Remembering Lester Bangs : 40 Years Later
On April 30th, 1982, in New York City, friends of Lester Bangs discovered him unresponsive in his apartment at the age of 33. He had apparently accidentally overdosed with self-medicating drugs in an attempt to quash a bad bout of the flu. A record player in his apartment was still playing, Human League's album Dare, the record player needle repeatedly skipping at the end of the record. Later, receipts revealed that Bangs had just purchased the record earlier that day. Thus did this occasion tragically end the career of one of music's most noted rock 'n' roll critics.
I say "noted," but I don't necessarily say "beloved." Lester Bangs was certainly a man of passion with many brilliant observations about music, and beyond that, about why we listen to music and why artists make it. But he was never accused of sugar-coating; he openly revealed that his strategy for interviewing a musician was to "lead with the most insulting question [he] could think of."
In a typical interview reprinted by The Guardian, Bangs interviews Velvet Underground legend Lou Reed and characterizes him as a washed-up, alcoholic sham. And Lester Bangs LOVED Lou Reed, practically worshiped him in fact! Lesser mortals received even less respect. However, this was famously one of the few times where Lou Reed gave an interviewer the time of day. The feisty and feral are always more appreciative of each others' company.
Lester's book: Psychotic Reactions and Carburetor Dung
Psychotic Reactions and Carburetor Dung was edited by Greil Marcus, and is a posthumous collection of Lester Bang's writing for Rolling Stone and Creem and other publications. I've read it, and never got around to blogging it. It is a challenging read altogether, because Bangs' writing style is a dense forest of page-length paragraphs and 3-line sentences, all while spouting constant jawbreakers from his considerable vocabulary and randomly referencing arcane details from his voracious knowledge field. That was quite a Bangs-ian sentence there, don't you think?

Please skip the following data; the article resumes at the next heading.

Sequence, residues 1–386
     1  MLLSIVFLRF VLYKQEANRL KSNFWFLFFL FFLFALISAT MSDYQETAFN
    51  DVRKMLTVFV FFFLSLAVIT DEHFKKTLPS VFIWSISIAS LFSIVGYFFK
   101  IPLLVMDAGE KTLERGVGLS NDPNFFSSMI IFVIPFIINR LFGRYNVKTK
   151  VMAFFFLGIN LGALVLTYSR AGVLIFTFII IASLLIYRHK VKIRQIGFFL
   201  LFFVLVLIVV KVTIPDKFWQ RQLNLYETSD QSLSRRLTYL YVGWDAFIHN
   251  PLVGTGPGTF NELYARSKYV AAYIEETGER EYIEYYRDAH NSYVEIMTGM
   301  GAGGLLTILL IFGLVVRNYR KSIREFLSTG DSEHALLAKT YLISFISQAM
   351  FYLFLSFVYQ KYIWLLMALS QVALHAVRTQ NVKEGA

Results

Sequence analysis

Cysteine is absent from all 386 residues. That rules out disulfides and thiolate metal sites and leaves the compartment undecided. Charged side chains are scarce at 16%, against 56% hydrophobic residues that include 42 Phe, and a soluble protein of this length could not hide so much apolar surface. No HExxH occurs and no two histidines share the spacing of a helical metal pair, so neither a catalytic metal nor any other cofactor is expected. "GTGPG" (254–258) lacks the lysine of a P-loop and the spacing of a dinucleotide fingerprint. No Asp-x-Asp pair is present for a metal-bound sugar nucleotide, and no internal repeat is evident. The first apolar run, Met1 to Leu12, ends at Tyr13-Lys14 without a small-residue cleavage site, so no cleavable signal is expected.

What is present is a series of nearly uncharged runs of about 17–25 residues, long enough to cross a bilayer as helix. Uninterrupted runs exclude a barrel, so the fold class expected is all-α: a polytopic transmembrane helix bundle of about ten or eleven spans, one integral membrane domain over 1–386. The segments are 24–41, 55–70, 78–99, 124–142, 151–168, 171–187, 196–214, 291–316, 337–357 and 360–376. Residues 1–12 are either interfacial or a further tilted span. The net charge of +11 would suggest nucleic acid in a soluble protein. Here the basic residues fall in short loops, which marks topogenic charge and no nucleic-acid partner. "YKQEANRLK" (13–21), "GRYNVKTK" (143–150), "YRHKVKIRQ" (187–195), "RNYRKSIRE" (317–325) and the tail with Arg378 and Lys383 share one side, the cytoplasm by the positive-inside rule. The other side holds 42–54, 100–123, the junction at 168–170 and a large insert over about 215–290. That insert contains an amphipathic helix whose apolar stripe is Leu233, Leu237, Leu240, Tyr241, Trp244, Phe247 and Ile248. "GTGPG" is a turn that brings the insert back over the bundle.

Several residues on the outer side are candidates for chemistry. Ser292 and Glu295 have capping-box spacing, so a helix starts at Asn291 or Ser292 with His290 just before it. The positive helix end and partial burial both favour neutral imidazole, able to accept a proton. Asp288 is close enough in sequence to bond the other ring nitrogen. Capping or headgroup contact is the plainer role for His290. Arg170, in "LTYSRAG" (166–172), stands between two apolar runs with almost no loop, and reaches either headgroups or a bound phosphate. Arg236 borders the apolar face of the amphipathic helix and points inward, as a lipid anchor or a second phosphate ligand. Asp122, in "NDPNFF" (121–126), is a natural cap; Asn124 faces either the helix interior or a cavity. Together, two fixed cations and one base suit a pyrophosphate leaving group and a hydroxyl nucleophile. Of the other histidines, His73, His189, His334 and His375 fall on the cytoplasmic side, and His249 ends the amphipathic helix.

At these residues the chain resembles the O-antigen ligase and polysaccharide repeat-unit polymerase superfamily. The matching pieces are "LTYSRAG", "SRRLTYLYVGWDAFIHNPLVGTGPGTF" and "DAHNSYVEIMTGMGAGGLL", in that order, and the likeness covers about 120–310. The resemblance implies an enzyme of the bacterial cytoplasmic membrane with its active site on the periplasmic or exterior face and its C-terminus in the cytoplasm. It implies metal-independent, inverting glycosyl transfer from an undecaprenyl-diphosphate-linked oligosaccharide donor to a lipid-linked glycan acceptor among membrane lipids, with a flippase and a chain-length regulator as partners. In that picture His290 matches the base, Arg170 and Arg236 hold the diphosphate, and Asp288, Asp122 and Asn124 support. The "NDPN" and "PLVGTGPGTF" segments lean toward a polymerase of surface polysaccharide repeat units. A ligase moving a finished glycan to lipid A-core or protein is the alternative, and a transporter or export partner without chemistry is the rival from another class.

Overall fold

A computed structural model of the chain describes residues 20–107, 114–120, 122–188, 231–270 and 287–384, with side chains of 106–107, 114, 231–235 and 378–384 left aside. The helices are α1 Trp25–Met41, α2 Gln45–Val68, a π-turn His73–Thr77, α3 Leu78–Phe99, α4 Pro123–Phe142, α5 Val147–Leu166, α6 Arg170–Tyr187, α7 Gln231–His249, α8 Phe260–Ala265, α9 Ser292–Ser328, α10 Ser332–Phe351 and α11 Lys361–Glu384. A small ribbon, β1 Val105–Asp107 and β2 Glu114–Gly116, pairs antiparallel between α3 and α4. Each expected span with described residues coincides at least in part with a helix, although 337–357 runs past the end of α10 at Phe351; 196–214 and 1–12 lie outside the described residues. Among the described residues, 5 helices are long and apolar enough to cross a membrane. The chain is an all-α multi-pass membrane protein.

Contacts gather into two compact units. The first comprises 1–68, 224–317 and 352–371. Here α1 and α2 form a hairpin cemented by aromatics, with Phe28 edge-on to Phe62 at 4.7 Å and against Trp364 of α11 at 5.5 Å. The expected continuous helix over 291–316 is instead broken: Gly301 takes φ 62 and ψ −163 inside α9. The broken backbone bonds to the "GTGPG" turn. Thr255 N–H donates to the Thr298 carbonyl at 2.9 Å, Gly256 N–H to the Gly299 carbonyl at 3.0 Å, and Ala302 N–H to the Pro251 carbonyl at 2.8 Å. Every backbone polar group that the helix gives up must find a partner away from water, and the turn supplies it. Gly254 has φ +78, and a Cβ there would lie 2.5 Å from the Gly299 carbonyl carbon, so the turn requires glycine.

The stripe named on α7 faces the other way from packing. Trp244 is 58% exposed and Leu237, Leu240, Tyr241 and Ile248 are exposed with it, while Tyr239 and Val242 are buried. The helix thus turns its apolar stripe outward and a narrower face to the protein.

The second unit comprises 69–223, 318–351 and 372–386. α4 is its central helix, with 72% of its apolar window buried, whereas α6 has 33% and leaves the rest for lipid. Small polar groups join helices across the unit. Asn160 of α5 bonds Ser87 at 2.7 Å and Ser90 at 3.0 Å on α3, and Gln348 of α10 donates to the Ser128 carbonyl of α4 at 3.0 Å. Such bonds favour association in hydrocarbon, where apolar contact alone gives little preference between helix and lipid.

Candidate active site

Nevertheless, Lester bangs was just that good at rock journalism. You didn't so much care which band he was writing about at any given moment, it was a joy merely to let his excited enthusiasm drag you through Tower Records like a kid in a candy store. There are a few other collections of Bangs' work, but generally - just as would a blogger of his time - he never really reached out to book publishing during his too-short career.
Rolling Stone still hosts an archive of Lester Bangs' work, albeit behind a paywall. Thus Bangs is immortalized forever as a rock star of gonzo journalism right beside Hunter S. Thompson and Tom Wolfe.
Lester Bangs Could Create As Well As He Critiqued…
While he never made a big deal about it, Bangs was a musician himself. Working with oddball collaborators and session musicians, he recorded covers of Velvet Underground songs and his own compositions produced by John Cale, also of VU fame. He also worked in collaborations with Ramones' associate Mickey Leigh to record "Birdland With Lester Bangs," playlist here, and again with the surf-rock group The Delinquents to produce an album Jook Savages on the Brazos, full album here.
Jook Savages on the Brazos is especially worth a listen, if you appreciate the intersection between raw garage rock energy and proto-punk.
Lester Bangs' Influence Outreached His Journalism
R.E.M.'s song "It's the End of the World as We Know It" name-checks him.
Canadian indie rocker Scott B. Sympathy has a song "Lester Bangs Stereo Ghost" in tribute.
Most notably, the 2000 film Almost Famous has the character of Lester Bangs portrayed by none other than the late Philip Seymour Hoffman.
Most recently, there was the 2018 stage play How to Be a Rock Critic which is based on the life of Lester Bangs, with music composed by Steve Earle.
Finally, there is Jim DeRogatis, the biographer whom is the chief reason Lester Bangs' star did not fade into obscurity, with his work Let it Blurt: The Life and Times of Lester Bangs, America's Greatest Rock Critic. DeRogatis is himself a rock critic for the likes of Rolling Stone and the Chicago Sun-Times. Among his many crowning journalistic efforts, he was one of the first to break the story about R. Kelly's abuse and molestation scandals.
Of course, Lester Bangs' most enduring legacy is to be an inspiration to all the music critics, journalists, and bloggers (hey that's me!). Lester Bangs is our reminder to cut through the popular culture gibberish and talk about what really matters.
"The first mistake of art is to assume that it's serious." -- Lester Bangs